- Additional targeted support for projects is pursued through a number of initiatives such as “Jobs and Skills – Investing for Youth” and the roll-out of trade finance facilities and programmes for midcaps (companies with up to 3,000 employees).
- Offering technical assistance and advisory services
- The European Commission and the EIB have agreed to provide an integrated advisory offer to the public and private sectors through a European Investment Advisory Hub (EIAH) in order to strengthen and accelerate investment. EIAH will aim to:
- provide a single point of entry for project preparation and implementation, use of financial instruments as well as capacity-building
- bring together existing advisory programmes and activities and develop new or extended services to cover unaddressed or increased needs
- establish a unique cooperation platform to make available and share the existing expertise within the EC, the EIB, National Promotional Institutions (NPIs) and Managing Authorities
- Supporting innovation and skills
- 2014: the EIB Group provided EUR 14.7bn in finance for this area in the form of loans, equity and guarantees.
- Projects that support the EIB’s drive to develop innovation and skills in the EU concentrate on promoting education and skills, accelerating innovation and supporting the digital economy, by:
- backing vocational and other training schemes
- financing investments in research, technology development and innovation across the board
- investing in telecoms infrastructure throughout Europe
- The EIB’s financing products in this area include both traditional medium and long-term loans and indirect support through credit lines to local banks or other intermediaries.
- InnovFin: launched in June 2014, InnovFin is a joint initiative of the EIB Group and the European Commission and consists of a new generation of financial instruments and advisory services aimed at helping innovative firms.
- Between 2014 and 2020, it is expected that InnovFin products will make available more than EUR 24bn of financing for research and innovation by small, medium-sized and large companies and the promoters of research infrastructure.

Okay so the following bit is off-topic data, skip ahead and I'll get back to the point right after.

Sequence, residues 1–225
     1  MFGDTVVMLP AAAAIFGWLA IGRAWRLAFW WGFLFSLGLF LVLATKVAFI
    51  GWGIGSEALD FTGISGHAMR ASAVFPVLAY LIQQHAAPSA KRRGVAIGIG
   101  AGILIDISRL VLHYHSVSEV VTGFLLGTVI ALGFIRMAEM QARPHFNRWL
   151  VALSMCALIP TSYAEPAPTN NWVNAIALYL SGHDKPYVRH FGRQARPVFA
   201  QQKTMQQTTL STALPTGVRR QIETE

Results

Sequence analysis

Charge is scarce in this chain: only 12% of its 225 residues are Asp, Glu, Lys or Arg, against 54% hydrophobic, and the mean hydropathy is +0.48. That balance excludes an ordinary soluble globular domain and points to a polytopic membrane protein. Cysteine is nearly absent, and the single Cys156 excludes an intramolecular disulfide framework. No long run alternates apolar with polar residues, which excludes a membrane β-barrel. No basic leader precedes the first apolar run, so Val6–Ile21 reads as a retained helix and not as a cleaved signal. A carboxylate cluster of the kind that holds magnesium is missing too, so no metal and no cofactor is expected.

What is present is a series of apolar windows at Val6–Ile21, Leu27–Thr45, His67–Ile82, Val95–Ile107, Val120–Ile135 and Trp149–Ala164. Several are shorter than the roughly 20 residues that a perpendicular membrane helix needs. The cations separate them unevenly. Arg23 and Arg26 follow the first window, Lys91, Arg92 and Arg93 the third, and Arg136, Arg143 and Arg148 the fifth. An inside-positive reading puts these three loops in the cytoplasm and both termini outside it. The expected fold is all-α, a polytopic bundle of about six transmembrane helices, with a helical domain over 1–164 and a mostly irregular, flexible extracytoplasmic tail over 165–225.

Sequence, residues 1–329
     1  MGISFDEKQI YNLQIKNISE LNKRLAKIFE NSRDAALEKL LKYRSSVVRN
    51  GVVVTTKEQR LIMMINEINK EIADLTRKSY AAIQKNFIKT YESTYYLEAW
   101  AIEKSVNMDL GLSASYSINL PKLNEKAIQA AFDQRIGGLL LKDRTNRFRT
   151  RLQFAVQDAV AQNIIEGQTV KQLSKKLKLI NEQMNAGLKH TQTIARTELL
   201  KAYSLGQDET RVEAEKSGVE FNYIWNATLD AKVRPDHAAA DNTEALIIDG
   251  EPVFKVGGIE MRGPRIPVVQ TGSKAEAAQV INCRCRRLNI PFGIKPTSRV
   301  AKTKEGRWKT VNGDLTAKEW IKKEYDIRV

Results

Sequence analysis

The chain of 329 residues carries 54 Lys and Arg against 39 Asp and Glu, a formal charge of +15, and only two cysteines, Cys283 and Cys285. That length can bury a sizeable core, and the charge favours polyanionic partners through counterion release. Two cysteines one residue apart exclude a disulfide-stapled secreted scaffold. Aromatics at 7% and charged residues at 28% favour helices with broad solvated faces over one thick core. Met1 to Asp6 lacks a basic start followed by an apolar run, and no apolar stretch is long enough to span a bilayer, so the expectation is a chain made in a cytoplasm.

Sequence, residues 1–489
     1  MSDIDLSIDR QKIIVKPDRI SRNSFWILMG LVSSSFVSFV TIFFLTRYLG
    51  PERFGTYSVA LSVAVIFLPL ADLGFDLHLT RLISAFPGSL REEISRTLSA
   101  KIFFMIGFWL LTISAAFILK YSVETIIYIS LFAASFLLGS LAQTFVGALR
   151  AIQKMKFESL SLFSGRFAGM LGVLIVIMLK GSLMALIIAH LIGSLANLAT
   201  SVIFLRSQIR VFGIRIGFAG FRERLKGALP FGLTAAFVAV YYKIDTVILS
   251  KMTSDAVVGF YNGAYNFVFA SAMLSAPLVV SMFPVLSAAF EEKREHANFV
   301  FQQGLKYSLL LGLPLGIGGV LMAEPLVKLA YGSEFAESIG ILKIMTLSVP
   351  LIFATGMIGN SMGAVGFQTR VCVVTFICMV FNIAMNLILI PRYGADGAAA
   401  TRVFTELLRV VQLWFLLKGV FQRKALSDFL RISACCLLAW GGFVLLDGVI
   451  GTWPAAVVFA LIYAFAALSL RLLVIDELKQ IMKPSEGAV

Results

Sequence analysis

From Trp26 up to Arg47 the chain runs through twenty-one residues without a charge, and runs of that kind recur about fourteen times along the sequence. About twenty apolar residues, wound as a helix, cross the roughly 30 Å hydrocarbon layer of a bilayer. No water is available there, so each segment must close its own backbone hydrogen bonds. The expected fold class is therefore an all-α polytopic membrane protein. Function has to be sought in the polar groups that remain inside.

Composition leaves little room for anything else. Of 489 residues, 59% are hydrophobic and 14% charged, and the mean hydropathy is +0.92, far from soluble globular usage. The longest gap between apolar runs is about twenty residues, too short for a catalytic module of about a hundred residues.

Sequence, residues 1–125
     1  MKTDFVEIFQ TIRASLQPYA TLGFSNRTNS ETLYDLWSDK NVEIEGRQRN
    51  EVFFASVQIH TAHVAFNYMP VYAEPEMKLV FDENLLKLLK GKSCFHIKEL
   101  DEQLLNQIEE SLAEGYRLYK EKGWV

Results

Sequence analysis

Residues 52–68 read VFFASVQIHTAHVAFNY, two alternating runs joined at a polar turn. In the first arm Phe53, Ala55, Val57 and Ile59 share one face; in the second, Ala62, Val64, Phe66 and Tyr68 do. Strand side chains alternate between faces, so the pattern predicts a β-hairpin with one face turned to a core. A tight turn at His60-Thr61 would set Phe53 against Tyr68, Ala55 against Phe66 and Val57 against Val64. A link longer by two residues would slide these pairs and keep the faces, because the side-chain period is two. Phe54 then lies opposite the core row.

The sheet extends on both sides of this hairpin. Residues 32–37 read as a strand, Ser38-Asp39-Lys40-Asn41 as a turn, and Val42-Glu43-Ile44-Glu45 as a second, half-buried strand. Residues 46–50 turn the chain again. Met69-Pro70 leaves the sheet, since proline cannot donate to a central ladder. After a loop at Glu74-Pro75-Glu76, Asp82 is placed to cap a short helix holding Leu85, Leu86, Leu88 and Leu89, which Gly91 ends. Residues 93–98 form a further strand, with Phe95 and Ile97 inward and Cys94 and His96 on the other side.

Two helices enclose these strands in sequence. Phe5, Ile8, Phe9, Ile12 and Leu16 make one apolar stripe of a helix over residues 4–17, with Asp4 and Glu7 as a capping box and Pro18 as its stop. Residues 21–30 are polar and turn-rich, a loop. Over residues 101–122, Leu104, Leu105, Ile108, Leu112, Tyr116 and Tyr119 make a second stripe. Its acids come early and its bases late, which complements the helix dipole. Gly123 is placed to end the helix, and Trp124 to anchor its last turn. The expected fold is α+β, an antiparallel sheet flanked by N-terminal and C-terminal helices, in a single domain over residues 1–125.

- InnovFin products also include advisory support. InnovFin Advisory takes two forms:
- guiding clients on how to structure their research and innovation projects so as to improve their access to finance. The EIB advises clients on how to make the most of their strong points and adjust elements such as their business model, governance and funding sources.
- improving conditions for access to finance, such as developing a business case for new financing mechanisms and preparing studies on improving the effectiveness of financial instruments
- Providing access to finance for smaller businesses
- [tweetthis]2014: the EIB Group financed SMEs and midcaps in Europe to the tune of EUR 25.5bn[/tweetthis], with a further EUR 2.6bn benefiting SMEs around the globe.
- The EIB Group has two main priorities in this area:
- provide constant and affordable access to finance because smaller businesses can face difficulties accessing finance. In 2014, the EIB Group supported 285, 000 SMEs and midcaps in Europe sustaining 6 million jobs.
- mobilise additional financing for the real economy by diversifying its product range. To maximise the impact of its support for micro-enterprises, SMEs and midcaps, the EIB joins forces with the European Commission, Member States, public promotional banks and others in order to boost access to finance and improve financing conditions for SMEs across Europe.
- The European Investment Fund (EIF): it supports Europe’s micro, small and medium-sized businesses (MSMEs) by improving access to finance by means of a wide range of selected financial intermediaries across Europe.
- The EIF supported 175,000 SMEs and midcaps in 2014, improving the availability of risk capital to build and grow their businesses.
- The EIF’s equity activity includes all of the main stages of SME development.
Which GRI indicators/Standards have been addressed?
The GRI indicators/Standards addressed in this case are:
1) G4-EC1: Direct economic value generated and distributed – the updated GRI Standard is: Disclosure 201-1 Direct economic value generated and distributed
2) G4-EC8: Significant indirect economic impacts, including the extent of impacts – the updated GRI Standard is: Disclosure 203-2 Significant indirect economic impacts
1) This case study was compiled using published information by the European Investment Bank (EIB) which is located at the link below. For the sake of readability, we did not use brackets or ellipses but made sure that the extra or missing words did not change the report’s meaning. If you would like to quote these written sources from the original please revert to the following link:
http://www.eib.org/attachments/general/reports/sustainability_report_2014_en.pdf (2014 Sustainability Report by EIB)
Note to EIB: With each case study we send out an email to your listed address in request for a comment on this case study. If you have not received such an email please contact us.